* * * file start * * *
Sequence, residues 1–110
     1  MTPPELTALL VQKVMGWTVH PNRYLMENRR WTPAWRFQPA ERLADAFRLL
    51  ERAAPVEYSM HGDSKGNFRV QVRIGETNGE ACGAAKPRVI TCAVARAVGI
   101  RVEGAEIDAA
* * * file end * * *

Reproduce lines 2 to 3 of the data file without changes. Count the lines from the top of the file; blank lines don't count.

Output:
     1  MTPPELTALL VQKVMGWTVH PNRYLMENRR WTPAWRFQPA ERLADAFRLL
    51  ERAAPVEYSM HGDSKGNFRV QVRIGETNGE ACGAAKPRVI TCAVARAVGI